Plant Talk

Inside The New York Botanical Garden

The Works of Joyce Sidman Come to the Mertz Library Children’s Collection

Posted in From the Library on December 15 2017, by Samantha D’Acunto

Samantha D’Acunto is the Reference Librarian at The New York Botanical Garden‘s LuEsther T. Mertz Library.


SongNow circulating from The LuEsther T. Mertz Library children’s collection are the exciting and imaginative works by award-winning children’s book author Joyce Sidman. I invite you to explore shapes, seasons, wildlife, plants, and soil with the lyrical poetry and whimsical illustrations by Sidman and her peers. Her most notable work The Song of the Water Boatman and Other Pond Poems, illustrated by Beckie Prange, is the winner of the Caldecott Honors and the Lee Bennett Hopkins Poetry Award. Its riddle-like poetry encourages readers to use the images on the pages as clues.

Sidman continued to dazzle critics and readers by winning another Caldecott Honors and the Claudia Lewis Poetry Award for Red Sings from Treetops: A Year in Colors, illustrated by Pamela Zagarenski. Experience the changing of the seasons with the bursts of color and the flowing verse throughout.

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December Gems from the Mertz Library

Posted in From the Library on December 7 2017, by Esther Jackson

Esther Jackson is the Public Services Librarian at NYBG’s LuEsther T. Mertz Library where she manages Reference and Circulation services and oversees the Plant Information Office. She spends much of her time assisting researchers, providing instruction related to library resources, and collaborating with NYBG staff on various projects related to Garden initiatives and events.


WilderThe World of Laura Ingalls Wilder: The Frontier Landscapes that Inspired the Little House Books by Marta McDowell was published in October of this year. This eclectic work documents the plants chronicled in the various landscapes of Wilder’s works. With a heavy dose of historical content, many images, and a narrative that is accessible to advanced younger and seasoned readers alike, this work is a lovely gift for anyone who loves or has loved the Little House books. Readers new to botany will find McDowell’s writing clear and easy to understand, and those who enjoy travelogue writing will appreciate the personal diary entries she sprinkles throughout the text. This project is near and dear to the hearts of those in the NYBG Plant Information Office (a part of the LuEsther T. Mertz Library), as Anita Finkle-Guerrero, Leslie Coleman, and Samantha D’Acunto assisted McDowell with the identification of some of the violet species mentioned in Wilder’s works.

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New Children’s Titles at the LuEsther T. Mertz Library from Barefoot Books!

Posted in From the Library on December 5 2017, by Samantha D’Acunto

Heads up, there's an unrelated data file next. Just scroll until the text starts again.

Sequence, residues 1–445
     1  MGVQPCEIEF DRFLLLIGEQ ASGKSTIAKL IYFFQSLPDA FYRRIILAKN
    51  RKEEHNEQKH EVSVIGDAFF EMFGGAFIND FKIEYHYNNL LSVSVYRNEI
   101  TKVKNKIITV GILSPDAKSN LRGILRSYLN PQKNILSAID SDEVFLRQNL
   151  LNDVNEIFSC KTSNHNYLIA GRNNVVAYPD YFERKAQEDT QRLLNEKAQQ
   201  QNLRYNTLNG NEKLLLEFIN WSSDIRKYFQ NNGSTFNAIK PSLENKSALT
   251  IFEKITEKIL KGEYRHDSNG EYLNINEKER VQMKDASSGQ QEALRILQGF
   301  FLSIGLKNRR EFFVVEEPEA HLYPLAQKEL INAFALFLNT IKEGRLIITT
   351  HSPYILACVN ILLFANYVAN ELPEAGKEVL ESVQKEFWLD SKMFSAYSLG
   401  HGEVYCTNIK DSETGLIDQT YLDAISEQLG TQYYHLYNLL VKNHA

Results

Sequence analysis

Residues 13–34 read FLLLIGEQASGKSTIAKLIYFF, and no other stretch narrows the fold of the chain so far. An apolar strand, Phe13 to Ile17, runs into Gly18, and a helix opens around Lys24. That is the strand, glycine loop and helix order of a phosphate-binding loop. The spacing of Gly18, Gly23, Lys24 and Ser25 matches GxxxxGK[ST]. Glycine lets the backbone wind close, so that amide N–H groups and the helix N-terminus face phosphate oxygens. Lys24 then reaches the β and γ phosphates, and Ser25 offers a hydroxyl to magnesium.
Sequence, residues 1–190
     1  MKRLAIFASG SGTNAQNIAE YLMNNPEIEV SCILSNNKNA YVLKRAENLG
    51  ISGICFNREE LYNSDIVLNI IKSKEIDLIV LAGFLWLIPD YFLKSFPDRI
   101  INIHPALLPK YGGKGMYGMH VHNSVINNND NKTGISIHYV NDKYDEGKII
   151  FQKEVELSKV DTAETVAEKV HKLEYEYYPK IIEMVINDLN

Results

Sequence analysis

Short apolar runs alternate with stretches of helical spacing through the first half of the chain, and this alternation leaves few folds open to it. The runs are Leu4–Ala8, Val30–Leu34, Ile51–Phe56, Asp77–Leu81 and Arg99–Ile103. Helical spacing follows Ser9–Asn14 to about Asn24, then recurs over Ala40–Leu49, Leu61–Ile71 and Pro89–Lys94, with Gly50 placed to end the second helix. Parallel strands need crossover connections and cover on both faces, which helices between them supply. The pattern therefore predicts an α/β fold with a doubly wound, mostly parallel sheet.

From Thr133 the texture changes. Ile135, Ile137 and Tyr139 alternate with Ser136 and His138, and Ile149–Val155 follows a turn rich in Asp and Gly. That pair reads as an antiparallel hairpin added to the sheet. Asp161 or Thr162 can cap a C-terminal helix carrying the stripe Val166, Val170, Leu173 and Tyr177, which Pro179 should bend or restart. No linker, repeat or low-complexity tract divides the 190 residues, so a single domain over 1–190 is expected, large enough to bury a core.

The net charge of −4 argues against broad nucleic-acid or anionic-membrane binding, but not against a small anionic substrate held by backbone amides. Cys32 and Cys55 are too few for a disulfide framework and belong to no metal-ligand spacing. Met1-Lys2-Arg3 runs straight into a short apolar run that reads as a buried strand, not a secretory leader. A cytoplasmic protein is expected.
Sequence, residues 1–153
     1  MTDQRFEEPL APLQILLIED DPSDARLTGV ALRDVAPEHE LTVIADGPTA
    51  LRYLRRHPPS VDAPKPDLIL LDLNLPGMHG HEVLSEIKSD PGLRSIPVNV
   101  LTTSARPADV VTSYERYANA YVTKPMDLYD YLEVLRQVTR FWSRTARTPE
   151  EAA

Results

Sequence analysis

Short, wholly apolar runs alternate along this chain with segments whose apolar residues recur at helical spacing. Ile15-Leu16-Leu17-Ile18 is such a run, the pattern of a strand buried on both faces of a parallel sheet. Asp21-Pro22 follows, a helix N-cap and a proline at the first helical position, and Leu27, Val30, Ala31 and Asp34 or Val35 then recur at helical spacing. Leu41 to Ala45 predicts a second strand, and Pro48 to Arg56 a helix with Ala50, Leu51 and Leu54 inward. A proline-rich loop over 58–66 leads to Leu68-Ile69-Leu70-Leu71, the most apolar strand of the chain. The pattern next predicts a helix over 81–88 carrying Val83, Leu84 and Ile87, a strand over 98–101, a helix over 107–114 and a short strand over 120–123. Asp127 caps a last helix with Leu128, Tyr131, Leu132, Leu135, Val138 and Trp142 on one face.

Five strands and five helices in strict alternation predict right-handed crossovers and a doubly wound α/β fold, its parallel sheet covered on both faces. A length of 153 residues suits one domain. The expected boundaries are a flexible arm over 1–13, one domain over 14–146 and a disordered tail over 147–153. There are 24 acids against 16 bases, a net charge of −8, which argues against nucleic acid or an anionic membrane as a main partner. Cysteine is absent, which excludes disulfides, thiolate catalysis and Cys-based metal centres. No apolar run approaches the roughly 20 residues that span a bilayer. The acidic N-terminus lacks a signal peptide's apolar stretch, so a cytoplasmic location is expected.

Samantha D’Acunto is the Reference Librarian at The New York Botanical Garden‘s LuEsther T. Mertz Library.


Grandpa's GardenWe’re happy to share our newest titles from Barefoot Books. These charming stories will invite you to bring your storytime outdoors! All titles featured below are available for checkout for library cardholders. We hope to see you in the library soon!

Grandpa’s Garden by Stella Fry / Illustrated by Shelia Moxley (2012)

Billy and Grandpa begin to garden at the very first sign of spring. This will be Billy’s first year gardening with Grandpa, so there will be much to learn! After churning the soil and planting many seeds, Billy is finding it hard to wait patiently for results, so garden chores and exploring the wildlife around the garden keep him busy. Before you know it, Billy and Grandpa’s garden is bursting with lush green leaves and many vegetables. Grandpa’s Garden offers readers a realistic perspective on the seasonal chores necessary to achieve a successful garden. Throughout the book you will find plenty of new garden vocabulary, and at the end of the book there are seasonal chore tips and even a diagram of a suggested garden plot design. Grandpa’s Garden is inspirational and informative—you shouldn’t be surprised if even the youngest of readers are ready to start planting after reading this delightful story.

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Carmontelle’s Jardin de Monceau

Posted in Humanities Institute on November 29 2017, by Vanessa Sellers

Colloquium
Louis Carrogis de Carmontelle (1717–1806), Jardin de Monceau, published in Paris in 1779

On September 7, 2017, The New York Botanical Garden’s Humanities Institute and the Foundation for Landscape Studies, New York, co-hosted the Colloquium Carmontelle’s Jardin de Monceau: Celebrating the unique Garden Culture of 18th-century France, held in the LuEsther T. Mertz Library’s Shelby White and Leon Levy Reading Room.

The Colloquium marked the starting point of an important project: the publication of a facsimile edition in English of the richly illustrated Jardin de Monceau, an impressive folio-sized volume by Louis Carrogis de Carmontelle (1717–1806), published in Paris in 1779. Designed by Carmontelle for the Duc de Chartres, the actual garden of Monceau still survives today, though in different form, as the much-frequented Parc Monceau at the heart of Paris. The original layout of the garden, with its rich architectural and sculptural features, formed an ideal social setting for the fashionable elite shortly before the French Revolution—a watershed moment in European history that would bring to an end the glamorous lifestyle and mode of garden design reflected in this work. Carmontelle’s Jardin de Monceau is a key cultural monument in the history of European landscape design, garden architecture, and horticulture, as well as printmaking and fashion design.